By Tony Wilson
As we continue to dissect the various aspects of Health Care Reform and how the multiple requirements of the law will impact you as well as employers, this week we are going to offer an opinion on the W-2 reporting requirement.
In last week's column, we touched on the topic of employers who issue 250 or more W-2s being required by the law to include (in Box 12, code DD) the aggregate value of health coverage provided to employees for purposes of reporting on 2012 W-2s (those generally issued in January).
The sound you hear in the background is a chorus of business choirs giving thanks that employers who issue less that 250 W-2s are not subject to the reporting requirement, at least at this time.
While some exclusions apply, the aggregate cost of health coverage that must be reported includes major medical, employer contributions to a health Flexible Spending Account (FSA), retiree coverage (unless no W-2 is issued) and certain Employee Assistance Programs (EAPs) and fixed dollar coverages.
So, we know who has to report, and we know what has to be reported. A hugely debated question is why it has to be reported.
Some supporters of the law say it is simply to inform employees of the actual total cost of their employer-sponsored health insurance coverage. Others contend that while not currently taxable, if the federal government has access to this information it would be very easy to start taxing these benefits, especially if the government realizes the "lost revenue," which we will touch on a little later.
If the true goal of this piece of the law is to notify employees of the cost of their coverage this could easily be done in a number of ways. I have clients who for years have notified employees of the full cost of coverage through annual benefit statements.
In today's age of electronic communication, wouldn't a blast email to "all company users" about the costs be more cost effective? This would create an electronic "paper" trail to show those individuals were notified. What if we required each employee to stop by HR, pick up a cost outline and then sign a statement saying they were provided, in writing, with the annual costs?
Employers are required to display posters of the minimum wage and the worker's comp panel in prominent places. Why can't employers display notices about the cost of the health insurance coverage in a similar fashion?
Hey, Washington, I just outlined several cost-saving measures that get the word out to employees quickly and efficiently. Don't worry, I'm not even going to charge you.
What I do have a great concern about is the method of this required reporting -- the W-2.
Why does the federal government need this information reported on an earnings document used for taxation purposes (W-2) if the data in Box 12 is for "educational" purposes only?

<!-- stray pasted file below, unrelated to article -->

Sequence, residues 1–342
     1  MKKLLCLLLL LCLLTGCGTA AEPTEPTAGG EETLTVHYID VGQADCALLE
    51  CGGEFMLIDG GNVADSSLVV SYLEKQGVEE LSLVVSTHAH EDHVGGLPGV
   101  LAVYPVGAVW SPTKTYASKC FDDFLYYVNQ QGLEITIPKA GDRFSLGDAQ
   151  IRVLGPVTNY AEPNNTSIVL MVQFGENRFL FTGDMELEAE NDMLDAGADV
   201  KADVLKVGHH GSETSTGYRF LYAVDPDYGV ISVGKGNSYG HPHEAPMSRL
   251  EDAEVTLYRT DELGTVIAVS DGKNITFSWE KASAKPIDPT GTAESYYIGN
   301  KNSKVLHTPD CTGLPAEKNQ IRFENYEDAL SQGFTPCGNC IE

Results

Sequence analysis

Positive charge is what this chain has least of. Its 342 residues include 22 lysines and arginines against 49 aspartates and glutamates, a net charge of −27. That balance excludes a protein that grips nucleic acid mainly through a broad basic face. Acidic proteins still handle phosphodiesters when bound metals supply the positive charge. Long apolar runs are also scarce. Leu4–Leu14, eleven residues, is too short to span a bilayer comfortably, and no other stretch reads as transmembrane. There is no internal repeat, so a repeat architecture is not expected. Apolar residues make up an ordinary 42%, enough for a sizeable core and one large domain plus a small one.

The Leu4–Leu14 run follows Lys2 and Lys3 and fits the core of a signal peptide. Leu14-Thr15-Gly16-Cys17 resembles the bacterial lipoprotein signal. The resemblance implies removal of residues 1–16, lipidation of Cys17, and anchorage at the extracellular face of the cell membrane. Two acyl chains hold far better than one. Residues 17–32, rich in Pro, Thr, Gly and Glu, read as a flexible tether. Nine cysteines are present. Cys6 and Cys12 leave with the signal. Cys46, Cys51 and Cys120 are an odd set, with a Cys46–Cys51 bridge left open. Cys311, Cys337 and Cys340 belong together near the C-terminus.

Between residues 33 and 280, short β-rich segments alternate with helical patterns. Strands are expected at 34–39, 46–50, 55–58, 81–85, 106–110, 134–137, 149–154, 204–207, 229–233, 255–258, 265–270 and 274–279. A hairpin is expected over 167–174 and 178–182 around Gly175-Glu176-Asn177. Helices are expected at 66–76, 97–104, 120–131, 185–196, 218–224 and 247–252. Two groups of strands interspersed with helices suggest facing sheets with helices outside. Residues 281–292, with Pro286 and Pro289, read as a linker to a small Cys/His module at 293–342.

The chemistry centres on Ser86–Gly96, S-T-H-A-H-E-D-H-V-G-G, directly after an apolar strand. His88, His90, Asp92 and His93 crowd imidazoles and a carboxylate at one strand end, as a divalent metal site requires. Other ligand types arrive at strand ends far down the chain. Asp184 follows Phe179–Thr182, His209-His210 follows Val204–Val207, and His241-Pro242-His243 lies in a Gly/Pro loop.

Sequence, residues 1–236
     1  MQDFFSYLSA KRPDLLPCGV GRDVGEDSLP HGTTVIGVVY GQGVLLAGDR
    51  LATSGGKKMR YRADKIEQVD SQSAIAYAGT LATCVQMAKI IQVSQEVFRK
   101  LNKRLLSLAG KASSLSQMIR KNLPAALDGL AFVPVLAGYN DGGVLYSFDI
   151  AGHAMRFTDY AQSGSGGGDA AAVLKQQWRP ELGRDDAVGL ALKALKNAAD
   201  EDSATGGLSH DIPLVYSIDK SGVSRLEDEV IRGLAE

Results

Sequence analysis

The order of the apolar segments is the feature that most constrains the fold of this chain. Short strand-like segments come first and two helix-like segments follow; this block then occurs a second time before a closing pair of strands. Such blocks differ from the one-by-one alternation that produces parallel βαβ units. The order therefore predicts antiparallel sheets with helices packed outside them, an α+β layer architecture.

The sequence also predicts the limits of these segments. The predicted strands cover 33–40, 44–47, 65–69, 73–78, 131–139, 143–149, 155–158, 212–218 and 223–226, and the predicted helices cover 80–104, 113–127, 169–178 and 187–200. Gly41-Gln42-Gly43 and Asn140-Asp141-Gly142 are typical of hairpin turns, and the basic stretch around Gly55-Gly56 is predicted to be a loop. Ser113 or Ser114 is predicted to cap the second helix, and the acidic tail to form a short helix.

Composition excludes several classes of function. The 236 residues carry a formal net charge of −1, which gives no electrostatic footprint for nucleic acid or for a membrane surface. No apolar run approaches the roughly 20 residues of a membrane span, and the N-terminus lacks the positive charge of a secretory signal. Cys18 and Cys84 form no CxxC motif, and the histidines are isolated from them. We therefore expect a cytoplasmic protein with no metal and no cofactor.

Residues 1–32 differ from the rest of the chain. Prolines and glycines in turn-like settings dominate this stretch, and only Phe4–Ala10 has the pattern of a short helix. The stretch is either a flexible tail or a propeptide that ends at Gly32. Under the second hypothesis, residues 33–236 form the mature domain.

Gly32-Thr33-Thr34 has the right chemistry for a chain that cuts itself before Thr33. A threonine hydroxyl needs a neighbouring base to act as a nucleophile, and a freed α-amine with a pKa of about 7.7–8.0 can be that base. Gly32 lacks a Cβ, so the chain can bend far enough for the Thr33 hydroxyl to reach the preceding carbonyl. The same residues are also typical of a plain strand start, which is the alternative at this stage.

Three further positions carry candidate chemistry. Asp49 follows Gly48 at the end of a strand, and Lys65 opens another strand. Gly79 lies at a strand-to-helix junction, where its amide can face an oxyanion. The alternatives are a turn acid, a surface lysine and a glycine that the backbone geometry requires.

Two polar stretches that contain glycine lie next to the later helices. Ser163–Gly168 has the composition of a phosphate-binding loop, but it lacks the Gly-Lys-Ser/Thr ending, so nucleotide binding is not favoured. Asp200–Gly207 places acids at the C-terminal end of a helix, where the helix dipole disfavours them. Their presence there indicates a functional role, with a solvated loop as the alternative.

In a recent New York Times article, the Obama Administration was credited as noting the government is "losing" an estimated $180 billion in revenue through the tax-free treatment of employer-sponsored coverage. Is it unreasonable to think that some leaders of a nation facing $16 trillion of debt might be interested in using the W-2 reporting mechanism to more closely gauge the actual cost of the "lost revenue" with other motives in mind?
One of the stated goals of Health Care Reform is to cut costs. Consider for a moment the huge cost to businesses to redesign payroll systems to accommodate this reporting change on the W-2. Maybe I should have paid better attention in that computer programming class at UGA.
Many employers absorb certain costs when and where necessary, but at some point those costs will be passed along through the chain. Increased costs to do business coupled with increases in utility costs and additional taxes can mean the pass-along could come in the form of higher prices, but it also could come in the form of no raises for employees this year, delayed or complete hiring freezes or, worse, layoffs.
Unlike Washington which seems to think the cherry trees along the Potomac produce money instead of blossoms, employers we work with locally certainly understand the pit of money has a rock-hard bottom. And it is certainly more shallow than Washington seems to believe.
Listing this information on an employee's W-2 is inappropriate and an example of government's overreach. There certainly are other less costly and less intrusive ways to disseminate the data and achieve the same end -- providing employees with information while keeping costs down.
Questions or comments? Feel free to email me at firstname.lastname@example.org.
Tony L. Wilson is a principal with NUVISION Financial Corporation based in Conyers. NUVISION is a subsidiary of National Financial Partners Corp., which provides benefits solutions for companies.